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Enriching for Specific Bacteria

By taking into account the physiological characteristics of specific bacterial species or types, it is possible to design conditions that favor the growth of those bacteria. This is the basis of enrichment culture tech­nique, a method used to isolate specific groups of bacteria based on designing the culture medium and incubation conditions to preferentially support the growth of a particular bacterial type. Liquid enrichment media tend to select the bacteria that are able to grow best among all the bacteria introduced into the media. For example, to isolate bacteria capable of metabo­lizing petroleum hydrocarbons, one can design a cul­ture medium containing a hydrocarbon as the sole source of carbon and energy (see Figure). By doing so, one establishes conditions whereby only bacteria that are capable of metabolizing hydrocarbons can grow. Because other bacteria cannot reproduce in this medium, hydrocarbon-utilizing bacteria are thereby se­lected, resulting in enrichment (increased proportions)

of the selected bacteria. Similarly, a culture medium that favors the growth of autotrophic microorganisms could be designed by providing ammonium ions and carbonate as the sole source of carbon in the medium.

The design of an enrichment procedure takes into consideration the composition of the medium and also environmental factors, such as temperature, aeration, pH, and so forth. For example, temperature can be adjusted to 5° Ñ to favor the growth of microorganisms that live at low refrigerator temperatures or to 37° Ñ to enrich for microorganisms that are capable of growth at the temperature of the human body. Cultures may be aerated by shaking or by bubbling with air to favor the growth of aerobes, or oxygen may be totally excluded to enrich for anaerobes. The enrichment culture technique mimics many natural situations in which the growth of a particular microbial population is favored by the chemical composition of the system and by environ­mental conditions.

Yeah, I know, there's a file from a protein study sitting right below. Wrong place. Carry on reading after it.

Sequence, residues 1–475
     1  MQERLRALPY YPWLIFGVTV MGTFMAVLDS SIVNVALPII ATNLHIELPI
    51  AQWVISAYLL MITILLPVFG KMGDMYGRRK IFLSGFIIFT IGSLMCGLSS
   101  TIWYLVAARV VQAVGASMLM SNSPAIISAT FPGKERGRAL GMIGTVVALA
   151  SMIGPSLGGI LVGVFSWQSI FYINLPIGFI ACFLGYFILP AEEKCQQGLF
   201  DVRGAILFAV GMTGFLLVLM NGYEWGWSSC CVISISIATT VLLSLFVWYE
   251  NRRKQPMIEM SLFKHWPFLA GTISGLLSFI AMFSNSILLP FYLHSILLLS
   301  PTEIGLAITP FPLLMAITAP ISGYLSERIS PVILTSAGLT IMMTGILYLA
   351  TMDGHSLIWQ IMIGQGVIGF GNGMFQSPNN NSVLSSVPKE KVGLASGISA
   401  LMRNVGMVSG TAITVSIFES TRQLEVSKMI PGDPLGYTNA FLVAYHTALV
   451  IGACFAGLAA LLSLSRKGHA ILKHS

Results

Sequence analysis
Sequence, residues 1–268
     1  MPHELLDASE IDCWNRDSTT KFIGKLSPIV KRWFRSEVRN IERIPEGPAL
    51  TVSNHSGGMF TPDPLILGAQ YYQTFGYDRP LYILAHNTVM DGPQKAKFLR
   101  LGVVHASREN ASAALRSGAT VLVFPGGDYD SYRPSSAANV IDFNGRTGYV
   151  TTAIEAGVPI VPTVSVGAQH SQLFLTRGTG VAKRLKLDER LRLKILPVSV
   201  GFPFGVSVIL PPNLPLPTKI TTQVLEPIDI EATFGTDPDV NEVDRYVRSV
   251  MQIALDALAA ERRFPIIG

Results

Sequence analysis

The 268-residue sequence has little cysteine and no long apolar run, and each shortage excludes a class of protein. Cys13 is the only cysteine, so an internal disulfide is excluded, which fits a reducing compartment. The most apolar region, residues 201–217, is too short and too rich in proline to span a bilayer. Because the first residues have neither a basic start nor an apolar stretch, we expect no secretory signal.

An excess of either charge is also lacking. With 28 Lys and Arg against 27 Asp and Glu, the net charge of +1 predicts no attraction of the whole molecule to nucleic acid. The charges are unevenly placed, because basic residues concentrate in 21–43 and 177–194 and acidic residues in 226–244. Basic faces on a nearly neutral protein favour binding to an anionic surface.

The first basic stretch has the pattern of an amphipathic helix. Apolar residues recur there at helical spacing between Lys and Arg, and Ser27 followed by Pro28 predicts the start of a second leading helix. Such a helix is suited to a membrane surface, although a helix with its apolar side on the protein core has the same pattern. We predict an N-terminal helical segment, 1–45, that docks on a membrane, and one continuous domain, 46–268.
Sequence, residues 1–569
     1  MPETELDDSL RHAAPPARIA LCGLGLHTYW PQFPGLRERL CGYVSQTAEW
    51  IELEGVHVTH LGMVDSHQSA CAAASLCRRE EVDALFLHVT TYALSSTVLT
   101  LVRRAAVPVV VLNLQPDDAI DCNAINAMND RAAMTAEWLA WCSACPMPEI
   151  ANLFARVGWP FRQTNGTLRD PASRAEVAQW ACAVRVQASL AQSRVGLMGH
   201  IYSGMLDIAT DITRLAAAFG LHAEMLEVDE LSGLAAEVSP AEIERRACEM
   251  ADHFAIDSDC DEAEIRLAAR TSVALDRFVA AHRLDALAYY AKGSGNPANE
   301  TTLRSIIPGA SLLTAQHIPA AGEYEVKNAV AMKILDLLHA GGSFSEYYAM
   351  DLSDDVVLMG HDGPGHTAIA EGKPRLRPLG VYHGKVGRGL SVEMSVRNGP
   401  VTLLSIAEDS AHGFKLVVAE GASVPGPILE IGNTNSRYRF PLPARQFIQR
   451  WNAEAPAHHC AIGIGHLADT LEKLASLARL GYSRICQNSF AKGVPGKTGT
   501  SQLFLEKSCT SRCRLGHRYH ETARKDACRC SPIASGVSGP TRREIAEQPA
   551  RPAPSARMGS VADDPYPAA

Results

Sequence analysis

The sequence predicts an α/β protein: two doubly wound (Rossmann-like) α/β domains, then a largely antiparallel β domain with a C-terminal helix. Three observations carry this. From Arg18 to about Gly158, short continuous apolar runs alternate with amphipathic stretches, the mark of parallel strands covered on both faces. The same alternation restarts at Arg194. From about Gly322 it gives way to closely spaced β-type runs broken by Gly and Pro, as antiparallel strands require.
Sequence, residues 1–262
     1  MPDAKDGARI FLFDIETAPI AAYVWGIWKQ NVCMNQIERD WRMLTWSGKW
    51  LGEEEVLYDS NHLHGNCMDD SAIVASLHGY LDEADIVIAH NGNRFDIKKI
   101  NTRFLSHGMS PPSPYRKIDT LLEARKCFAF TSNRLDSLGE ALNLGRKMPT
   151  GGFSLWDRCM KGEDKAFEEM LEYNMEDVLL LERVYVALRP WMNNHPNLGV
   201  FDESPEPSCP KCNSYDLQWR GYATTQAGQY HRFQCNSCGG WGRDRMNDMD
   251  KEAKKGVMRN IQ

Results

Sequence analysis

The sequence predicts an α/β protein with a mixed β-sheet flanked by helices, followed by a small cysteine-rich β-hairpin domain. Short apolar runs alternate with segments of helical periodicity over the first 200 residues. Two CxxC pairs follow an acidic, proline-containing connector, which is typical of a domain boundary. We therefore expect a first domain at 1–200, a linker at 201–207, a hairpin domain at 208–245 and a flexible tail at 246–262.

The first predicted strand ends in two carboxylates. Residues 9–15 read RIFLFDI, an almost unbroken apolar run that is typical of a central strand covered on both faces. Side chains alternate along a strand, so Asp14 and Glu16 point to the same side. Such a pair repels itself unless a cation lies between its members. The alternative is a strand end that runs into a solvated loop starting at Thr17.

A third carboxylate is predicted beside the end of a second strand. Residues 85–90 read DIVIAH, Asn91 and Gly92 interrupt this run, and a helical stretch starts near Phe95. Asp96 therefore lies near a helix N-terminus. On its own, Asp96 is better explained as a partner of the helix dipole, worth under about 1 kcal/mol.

A, To establish an enrichment, a medium is inoculated with a sam­ple, for example, soil or water, that may contain microorganisms with specific characteristics. The medium and the incubation condi­tions are designed to favor the growth of the microorganisms, for ex­ample, microorganisms capable of degrading petroleum hydrocar­bons. The desired microorganisms should be able to outcompete others in the sample and increase in number so they then can be iso­lated and pure cultures established. B, Enrichment cultures are de­signed to selectively support the growth of specific microorganisms. In a medium with petroleum hydrocarbon as the sole source of car­bon and energy, hydrocarbon-degrading microorganisms are selec­tively enriched (left flask). Control showing oil slick and lack of en­richment for hydrocarbon degraders (right flask). Growth of the hy­drocarbon-degrading microorganisms emulsifies the oil so that it disperses through the medium in the flask. A pure culture of the hy­drocarbon degrader can be isolated from the enrichment culture.



FIG. 10-11A, Microorganisms exhibit specific temperature growth ranges. There is a min­imal and a maximal temperature for growth. B, An incubator is used to control tempera­ture for culturing microorganisms.

TABLE 10-2 ■

The optimal growth temperature is defined as the temperature at which the maximal growth rate oc­curs. This is the temperature that corresponds to the shortest generation time (Table 10-2). The ability of a microbial species to compete for survival in a given system is favored when temperatures are near its op­timal growth temperature. It is not surprising that the optimal growth temperature for most human pathogens is 37° C, the temperature of the human body.

Optimal growth temperature is the temperature at which the generation time is shortest and therefore at which the maximal growth rate occurs.

Different microorganisms have different optimal growth temperatures (FIG. 10-12). Some microorgan-

FIG. 10-12Temperature growth ranges for mesophiles, psychrophiles, and thermophiles.


Date: 2015-02-28; view: 2656

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